Border Wars.

Borders are vital and ubiquitous. Because of their importance, they are often the focus of the most spirited, bitter, and ceaseless conflict.

But it is an essential conflict because without boundaries there is no me, no you, no us, and no them. Microscopically, life itself depends on the thin border of lipids that holds in genetic code. Telescopically, the Universe is everything that is on this side of the unfathomable border between somethingness and nothingness.

Some borders are razor sharp and others are disputed and blurry, but they all share the attribute of being strife with friction and heat. Some are firm and monolithic, others are constantly in flux. And thus borders are interesting places to be.

The blog world as I understand it is a collective selfish endeavor of self publishing mostly about one’s self. It’s also redundant and repetitive and mostly recycled. Objectivism tells us that there is virtue in selfishness and who doesn’t like the idea of recycling, even if recycling is not really that great in reality.

Today is my blog-birthday and selfishness and recycling are extant concepts right off the bat in the real world, so why not in the blogosphere. Children are clearly selfish and the disintegration of their diapers is the benchmark of the recycling debate. I am righteously selfish and hopefully the little bombs I drop on this blog will go over better than decaying diapers. To quote Reese, “God, I love this country.”

The two most common first sounds a baby makes are “m” and “n,” and that’s not just when they’re filling their diapers. M and N are essential to form the three most important words: “mama,” “mine,” and “no!” It should be no surprise that the majority of blog content is synergistic with those three concepts. I suppose that developmental linguists just might add “meme” to that list when the first group of blog babbies begin babbling.

“Mama” is the source of sustenance, but we also seem to inherit our politics, religion, and various psychoses from our parents. “Mine” is the first physical boundary we learn about and typically the most important border we guard and expand during our life. And “No” establishes our metaphysical borders: our desires, our beliefs, our aspirations, and our tastes.

What an attractive hobby blogging is. After irritating your friends and family with rants on the forbidden topics of religion and politics, or boring them with your latest technerd fascination, you can post it on the internet and imagine that there are thousands of people who give a crap. Relentless clicking of the refresh button only feeds your ego when your page views pass into the double digits.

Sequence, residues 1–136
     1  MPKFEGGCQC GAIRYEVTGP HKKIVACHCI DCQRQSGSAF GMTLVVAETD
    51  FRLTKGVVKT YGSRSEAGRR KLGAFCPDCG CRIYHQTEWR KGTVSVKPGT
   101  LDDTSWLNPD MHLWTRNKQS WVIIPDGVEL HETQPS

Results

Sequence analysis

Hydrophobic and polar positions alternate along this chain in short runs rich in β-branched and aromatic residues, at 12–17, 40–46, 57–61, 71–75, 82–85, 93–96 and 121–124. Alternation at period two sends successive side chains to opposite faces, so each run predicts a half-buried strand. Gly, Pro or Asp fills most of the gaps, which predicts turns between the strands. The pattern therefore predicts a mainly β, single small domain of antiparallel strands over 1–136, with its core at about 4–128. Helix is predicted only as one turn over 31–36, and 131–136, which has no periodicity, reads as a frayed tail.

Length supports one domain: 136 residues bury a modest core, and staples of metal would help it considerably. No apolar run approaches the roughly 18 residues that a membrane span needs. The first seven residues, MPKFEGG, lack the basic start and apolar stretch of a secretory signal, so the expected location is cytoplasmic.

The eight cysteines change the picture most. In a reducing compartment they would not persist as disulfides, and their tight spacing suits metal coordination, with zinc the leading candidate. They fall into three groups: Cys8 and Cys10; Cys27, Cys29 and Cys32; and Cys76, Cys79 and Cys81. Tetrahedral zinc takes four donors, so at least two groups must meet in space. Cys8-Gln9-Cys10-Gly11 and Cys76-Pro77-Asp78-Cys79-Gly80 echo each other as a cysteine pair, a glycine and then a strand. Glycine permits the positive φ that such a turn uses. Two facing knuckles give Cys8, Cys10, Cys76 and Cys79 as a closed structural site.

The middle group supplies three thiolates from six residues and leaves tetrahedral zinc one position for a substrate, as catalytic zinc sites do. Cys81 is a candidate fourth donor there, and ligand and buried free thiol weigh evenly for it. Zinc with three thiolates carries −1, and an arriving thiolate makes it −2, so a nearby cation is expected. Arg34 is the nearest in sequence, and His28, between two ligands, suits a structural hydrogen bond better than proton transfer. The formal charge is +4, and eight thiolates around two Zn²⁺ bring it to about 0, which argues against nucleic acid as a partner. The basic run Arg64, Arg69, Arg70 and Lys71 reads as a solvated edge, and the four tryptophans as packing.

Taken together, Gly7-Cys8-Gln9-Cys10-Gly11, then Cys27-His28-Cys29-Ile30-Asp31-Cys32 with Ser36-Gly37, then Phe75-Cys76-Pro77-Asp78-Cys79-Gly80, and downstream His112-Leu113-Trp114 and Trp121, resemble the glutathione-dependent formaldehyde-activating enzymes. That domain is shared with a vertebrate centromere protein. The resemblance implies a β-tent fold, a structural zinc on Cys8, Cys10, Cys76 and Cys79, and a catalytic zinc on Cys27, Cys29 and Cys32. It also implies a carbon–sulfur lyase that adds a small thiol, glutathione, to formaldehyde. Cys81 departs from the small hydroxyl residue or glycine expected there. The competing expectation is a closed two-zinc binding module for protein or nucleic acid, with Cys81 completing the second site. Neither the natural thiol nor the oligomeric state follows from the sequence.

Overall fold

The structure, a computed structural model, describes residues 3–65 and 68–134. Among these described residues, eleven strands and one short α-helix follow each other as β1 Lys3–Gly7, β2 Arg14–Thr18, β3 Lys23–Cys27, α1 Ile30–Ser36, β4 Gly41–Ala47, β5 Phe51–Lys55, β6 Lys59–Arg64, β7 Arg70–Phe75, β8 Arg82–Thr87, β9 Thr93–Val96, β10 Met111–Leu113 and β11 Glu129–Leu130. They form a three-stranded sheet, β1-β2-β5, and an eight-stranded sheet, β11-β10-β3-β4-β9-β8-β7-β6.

Sign me up, the world needs to hear what I have to say. Plus, I’ve been kicked off just about every other outlet (e-mail lists, forums, other people’s blog comments) for wearing out my welcome and challenging the local culture. You might classify such people as trolls (or illegal aliens), but perhaps some of them are just immigrant proto-bloggers who have yet to establish a blog of their own.

It’s not surprising that challenges to local culture spark ire and censorship; after all, people like to fight their wars at or beyond their borders, away from their soft centers and no one takes criticism well.

So with this in mind, I start my own blog. I intend to spit venom at hypocrisy and stupidity, occasionally inform and enlighten, and otherwise indulge my current interests. I understand that blogging is not conducive to becoming President, getting or keeping a job, or impressing women. Such tasks typically involve covering up your true beliefs, denying past actions, whitewashing your personality, and pretending to be productive.

Oh well. Aspirat primo Fortuna labori…

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About Christopher

Christopher Landauer is a fifth generation Colorado native and second generation Border Collie enthusiast. Border Collies have been the Landauer family dogs since the 1960s and Christopher got his first one as a toddler. He began his own modest breeding program with the purchase of Dublin and Celeste in 2006 and currently shares his home with their children Mercury and Gemma as well. His interest in genetics began in AP Chemistry and AP Biology and was honed at Stanford University.